6. There are loads of anthologies of children's poems, check out your school or class library (I keep a Poetry Box with a selection in the class). Let children browse and choose ones they like - maybe work in pairs and read them aloud to each other. It's all part of encouraging them to enjoy poetry. Your first lesson sounds ideal and a good way of getting them to think about choosing the best words when they're writing their own. And, yes, looking at something in a general way eg use of wow words, then helping them to apply that to a particular topic should work well too. I think you need to relax a bit and enjoy it with your class! Children generally like poetry - it's short and manageable to read, it can be funny and (if you choose the right kind of anthologies) it relates to things they know and understand. Children who find it difficult to write a story can often manage to write a poem. Only little thing I would say is that rather than "planning" their poem they might be better just to "go for it", writing a rough copy then working the next day on editing it/ adding bits/discussing with a partner - but maybe that's what you meant : )
  7. It is maybe a little late for the block you have planned, but I highly recommend "Teaching Poetry in the Primary Classroom" by Gervase Phinn.
  8. Paint a Poem is an old Belair book but has some really good ideas for writing poems with younger children. There are poems on a wide variety of themes and most could be adapted to suit whatever topic you wanted to link them to, with a little imagination of course. I used it with my P3/4 class last year and they really enjoyed coming up with more and more interesting ways of describing things.
    Best of luck.
  9. Chatterbox1607

    Chatterbox1607 New commenter

    Is there any way you could both maybe send me two poems each from the books until I can get a hold of them please?
  10. Oh come, come, Chatterbox1607! You're surely not expecting these kind people to type out poems for you - are you? I've just done a Google search and there are LOADS of sites with good examples of children's poetry out there (some better than others I admit). I think you've been given pretty good advice/support here but now you have to use it. My sincere apologies if I'm wrong but you're giving the impression of wanting other people to do the hard graft for you. I hooked onto your post because I'm interested in teaching children how to write poetry. I'm no expert and anything I've learned has been by doing my own research (mainly online) and by trial and error. I'd love to know how your class's poems turn out. Maybe YOU could type a couple of the best ones here : )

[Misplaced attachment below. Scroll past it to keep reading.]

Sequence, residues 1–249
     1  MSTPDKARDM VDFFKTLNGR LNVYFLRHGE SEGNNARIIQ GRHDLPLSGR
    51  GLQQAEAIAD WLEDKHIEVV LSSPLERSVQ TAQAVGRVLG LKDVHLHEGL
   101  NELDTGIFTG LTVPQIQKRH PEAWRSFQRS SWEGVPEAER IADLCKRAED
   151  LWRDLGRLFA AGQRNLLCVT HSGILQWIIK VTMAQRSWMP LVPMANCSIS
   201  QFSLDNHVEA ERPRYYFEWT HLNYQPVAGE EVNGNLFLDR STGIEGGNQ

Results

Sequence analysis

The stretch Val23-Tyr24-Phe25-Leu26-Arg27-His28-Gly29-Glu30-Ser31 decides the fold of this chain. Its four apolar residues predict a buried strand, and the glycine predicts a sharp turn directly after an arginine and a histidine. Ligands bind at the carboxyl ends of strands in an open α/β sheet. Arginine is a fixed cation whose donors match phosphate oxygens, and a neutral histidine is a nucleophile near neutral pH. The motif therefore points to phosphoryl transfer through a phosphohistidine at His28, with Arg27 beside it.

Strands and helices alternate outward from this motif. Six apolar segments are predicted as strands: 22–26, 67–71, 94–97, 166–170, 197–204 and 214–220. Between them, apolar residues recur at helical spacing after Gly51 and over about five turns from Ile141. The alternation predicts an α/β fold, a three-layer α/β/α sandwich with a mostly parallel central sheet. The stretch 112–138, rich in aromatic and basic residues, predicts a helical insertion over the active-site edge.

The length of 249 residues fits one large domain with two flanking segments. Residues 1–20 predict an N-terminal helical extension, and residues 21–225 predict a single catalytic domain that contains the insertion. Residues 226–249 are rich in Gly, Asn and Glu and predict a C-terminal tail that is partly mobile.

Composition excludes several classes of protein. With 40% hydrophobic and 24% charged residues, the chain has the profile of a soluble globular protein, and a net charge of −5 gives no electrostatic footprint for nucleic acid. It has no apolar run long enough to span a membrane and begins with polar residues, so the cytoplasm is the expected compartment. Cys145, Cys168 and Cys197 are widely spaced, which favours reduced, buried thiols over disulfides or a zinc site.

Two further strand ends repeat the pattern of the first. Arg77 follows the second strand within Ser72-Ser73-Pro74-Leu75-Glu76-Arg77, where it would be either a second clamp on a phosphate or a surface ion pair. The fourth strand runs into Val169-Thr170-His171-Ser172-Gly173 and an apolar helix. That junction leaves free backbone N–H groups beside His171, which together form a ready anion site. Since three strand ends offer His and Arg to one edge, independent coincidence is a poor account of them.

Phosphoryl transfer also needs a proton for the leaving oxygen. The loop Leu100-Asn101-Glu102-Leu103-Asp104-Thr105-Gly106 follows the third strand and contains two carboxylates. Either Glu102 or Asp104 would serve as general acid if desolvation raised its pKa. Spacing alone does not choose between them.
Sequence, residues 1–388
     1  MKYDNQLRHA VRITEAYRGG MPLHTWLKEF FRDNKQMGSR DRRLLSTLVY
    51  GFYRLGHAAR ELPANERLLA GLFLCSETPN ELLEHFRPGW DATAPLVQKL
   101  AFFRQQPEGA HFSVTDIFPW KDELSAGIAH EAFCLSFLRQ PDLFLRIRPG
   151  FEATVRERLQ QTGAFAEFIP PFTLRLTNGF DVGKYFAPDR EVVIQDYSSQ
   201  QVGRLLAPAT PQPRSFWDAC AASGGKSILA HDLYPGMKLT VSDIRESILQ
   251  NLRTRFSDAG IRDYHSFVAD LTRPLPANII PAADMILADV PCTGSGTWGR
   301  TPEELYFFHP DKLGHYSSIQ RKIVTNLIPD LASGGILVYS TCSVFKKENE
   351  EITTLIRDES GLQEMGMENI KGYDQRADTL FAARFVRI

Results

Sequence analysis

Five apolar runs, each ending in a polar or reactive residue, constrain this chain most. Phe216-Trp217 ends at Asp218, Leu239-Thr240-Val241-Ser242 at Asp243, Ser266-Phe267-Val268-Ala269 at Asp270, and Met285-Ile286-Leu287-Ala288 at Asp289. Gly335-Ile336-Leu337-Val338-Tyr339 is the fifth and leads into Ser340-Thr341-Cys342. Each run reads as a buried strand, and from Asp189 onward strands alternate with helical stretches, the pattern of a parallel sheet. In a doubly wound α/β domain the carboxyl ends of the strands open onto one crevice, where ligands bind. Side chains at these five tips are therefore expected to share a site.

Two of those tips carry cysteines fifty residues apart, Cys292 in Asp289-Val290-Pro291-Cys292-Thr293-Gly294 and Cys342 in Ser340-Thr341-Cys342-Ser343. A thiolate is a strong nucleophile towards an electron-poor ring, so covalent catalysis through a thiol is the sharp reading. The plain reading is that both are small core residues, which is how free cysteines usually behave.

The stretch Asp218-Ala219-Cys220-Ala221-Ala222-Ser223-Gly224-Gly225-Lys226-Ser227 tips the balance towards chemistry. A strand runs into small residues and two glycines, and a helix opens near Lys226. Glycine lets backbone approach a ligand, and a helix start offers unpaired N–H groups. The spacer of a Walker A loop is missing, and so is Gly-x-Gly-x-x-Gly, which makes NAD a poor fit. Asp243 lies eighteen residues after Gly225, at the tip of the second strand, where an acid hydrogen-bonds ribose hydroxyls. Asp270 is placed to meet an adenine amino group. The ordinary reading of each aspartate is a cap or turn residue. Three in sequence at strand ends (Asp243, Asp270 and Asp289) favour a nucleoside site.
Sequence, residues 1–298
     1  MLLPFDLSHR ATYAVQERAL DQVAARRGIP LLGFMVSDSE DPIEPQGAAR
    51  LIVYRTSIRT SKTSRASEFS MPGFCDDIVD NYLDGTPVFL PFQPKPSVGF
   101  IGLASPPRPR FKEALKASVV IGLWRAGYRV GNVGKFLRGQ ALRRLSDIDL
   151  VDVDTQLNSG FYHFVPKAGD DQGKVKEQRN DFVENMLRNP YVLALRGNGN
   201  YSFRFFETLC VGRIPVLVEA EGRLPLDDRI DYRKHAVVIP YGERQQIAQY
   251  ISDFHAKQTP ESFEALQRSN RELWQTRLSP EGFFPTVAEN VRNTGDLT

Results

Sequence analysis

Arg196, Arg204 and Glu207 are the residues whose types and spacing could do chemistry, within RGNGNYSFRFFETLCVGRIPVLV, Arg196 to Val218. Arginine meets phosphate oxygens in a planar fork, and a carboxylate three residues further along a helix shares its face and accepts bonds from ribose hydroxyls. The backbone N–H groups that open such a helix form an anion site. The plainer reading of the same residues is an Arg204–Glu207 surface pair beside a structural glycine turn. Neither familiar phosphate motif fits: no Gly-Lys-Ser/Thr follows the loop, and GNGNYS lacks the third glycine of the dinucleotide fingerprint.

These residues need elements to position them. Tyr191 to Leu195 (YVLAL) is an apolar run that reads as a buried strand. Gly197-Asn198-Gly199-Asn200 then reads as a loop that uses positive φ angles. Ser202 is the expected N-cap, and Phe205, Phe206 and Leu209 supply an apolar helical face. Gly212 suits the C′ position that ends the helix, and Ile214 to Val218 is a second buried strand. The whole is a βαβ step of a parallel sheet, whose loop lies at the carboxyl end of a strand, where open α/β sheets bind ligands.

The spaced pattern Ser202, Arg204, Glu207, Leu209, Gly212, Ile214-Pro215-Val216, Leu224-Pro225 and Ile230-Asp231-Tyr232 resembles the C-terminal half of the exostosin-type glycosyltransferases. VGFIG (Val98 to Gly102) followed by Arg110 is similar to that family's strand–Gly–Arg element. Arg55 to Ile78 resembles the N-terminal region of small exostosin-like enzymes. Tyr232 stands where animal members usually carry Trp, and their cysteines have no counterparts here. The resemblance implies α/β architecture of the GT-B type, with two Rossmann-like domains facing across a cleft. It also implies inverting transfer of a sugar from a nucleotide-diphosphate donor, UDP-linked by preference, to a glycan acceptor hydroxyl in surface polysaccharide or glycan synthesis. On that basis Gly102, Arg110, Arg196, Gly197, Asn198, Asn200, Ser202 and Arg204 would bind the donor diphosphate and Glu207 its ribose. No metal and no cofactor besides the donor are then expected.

11. TEACHER16

    TEACHER16 New commenter

    Thats just it Dotty...I do put a hell of a work into my job and want to do the best for the children I teach. I want to make sure I have the best resources and knowledge before I see the children again. Believe me I have travelled here there and every where trying to find poetry books but it appears online is where I am going to have to buy one which therefore means waiting and I dont have time to do that as I need it for next week. I wouldnt want any one to do any work for me if I could do it myself...i care about my teaching and want to improve my ability and confidence :)
  12. Try amazon, they usually deliver within a week; even if it's through the marketplace sellers.